Bone and Heel Spurs
Bone and Heel Spurs
If you feel a jabbing or aching sensation on or under the heel bone of your foot, you may have heel spurs. Although heel spurs are often painless, they can cause heel pain.
Bone spurs can develop on almost any bone, causing discomfort in every step you take.
These two heel conditions are often associated with the formation of bone spurs:
- Heel Spurs are pointed, hooked or shelf-shaped calcium build-ups on the heel bone (calcaneus). Bone and heel spurs usually develop on those who suffer from another common foot condition called plantar fasciitis, which causes an arched foot to become flat.
- Insertional Achilles tendonitis is associated with the back of the heel where the achilles is located, often causing posterior heel pain.
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Symptoms of Heel Spurs
If inflammation occurs at the point where the spur was developed, heel spurs can cause chronic pain while running, walking, or jogging.
Most pain is caused by the soft-tissue injury and not the heel spur itself.
Heel spurs can be extremely painful due to the ligament that attaches to your foot to separate itself from the heel bone.
Heel spurs become a sharp, stabbing pain when using the foot during physical activity after sitting for a prolonged period of time.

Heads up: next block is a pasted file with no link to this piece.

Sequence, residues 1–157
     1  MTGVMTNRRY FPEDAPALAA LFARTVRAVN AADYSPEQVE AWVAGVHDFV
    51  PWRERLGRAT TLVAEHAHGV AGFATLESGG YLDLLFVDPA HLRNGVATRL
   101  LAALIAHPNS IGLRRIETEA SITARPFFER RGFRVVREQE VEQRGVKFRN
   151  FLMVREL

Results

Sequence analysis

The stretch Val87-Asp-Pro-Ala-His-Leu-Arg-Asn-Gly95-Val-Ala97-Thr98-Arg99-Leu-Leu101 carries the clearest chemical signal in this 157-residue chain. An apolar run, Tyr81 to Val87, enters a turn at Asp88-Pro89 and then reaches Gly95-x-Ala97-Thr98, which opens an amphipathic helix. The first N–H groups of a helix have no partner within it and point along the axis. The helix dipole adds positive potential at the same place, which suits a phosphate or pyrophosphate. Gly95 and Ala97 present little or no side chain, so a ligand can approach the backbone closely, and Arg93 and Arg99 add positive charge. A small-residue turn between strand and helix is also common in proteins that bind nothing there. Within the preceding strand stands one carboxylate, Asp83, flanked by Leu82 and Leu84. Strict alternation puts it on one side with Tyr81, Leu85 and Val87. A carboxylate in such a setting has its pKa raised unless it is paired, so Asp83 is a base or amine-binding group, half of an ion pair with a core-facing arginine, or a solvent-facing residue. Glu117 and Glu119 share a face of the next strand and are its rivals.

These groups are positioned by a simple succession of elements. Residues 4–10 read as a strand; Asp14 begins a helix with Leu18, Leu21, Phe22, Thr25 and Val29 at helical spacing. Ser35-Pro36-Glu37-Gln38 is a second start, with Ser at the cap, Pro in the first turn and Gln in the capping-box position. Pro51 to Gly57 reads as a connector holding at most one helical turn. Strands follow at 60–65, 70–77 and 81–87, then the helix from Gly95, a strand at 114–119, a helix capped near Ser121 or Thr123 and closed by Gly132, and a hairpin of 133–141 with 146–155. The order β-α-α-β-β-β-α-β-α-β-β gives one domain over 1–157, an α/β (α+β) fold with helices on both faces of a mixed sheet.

Once the sharp pain subsides, it often turns into a dull ache.
Non-Surgical Treatments for Heel Spurs
At Bartlett Foot Center, we often recommend non-surgical treatment for heel spurs such as:
- Physical therapy
- Stretching exercises
- Shoe inserts
- Recommended shoes to treat pain
- Splints and Wraps
Over-the-counter medications may such as Tylenol, Advil, and Aleve may help alleviate heel pain, but not for long.
A functional orthotic device like a heel seat wrap or a sock night splint can help help correct the causes of heel and arch pain.
An injection of cortisone can also help relieve inflammation.
Surgery for Heel Spurs
On the off chance that non-surgical treatments fail to treat the symptoms of heel spurs within 9 to 12 months, surgery may be necessary.
Before any surgery, presurgical tests and exams are always required in order to help determine the severity of the injury and how to proceed.
They also help determine what the patient may need following heel surgery. In most cases, rest, ice, and elevation of the foot are recommended.
Sometimes crutches, splints, casts, surgical shoes or bandages are needed after surgery as well.
There’s also the possibility of tendinitis, foot cramps, nerve pain, stress fracture, and other related symptoms following heel surgery.
How to Prevent Heel Spurs
The best way to help prevent heel spurs is by wearing properly fitted shoes with shock-absorbent soles and heels with support.
Avoid shoes with a lot of wear and tear on the bottom and be sure to wear appropriate shoes and stretch before any physical activity.
If you’re suffering from heel spurs and find yourself in need of treatment, contact us today.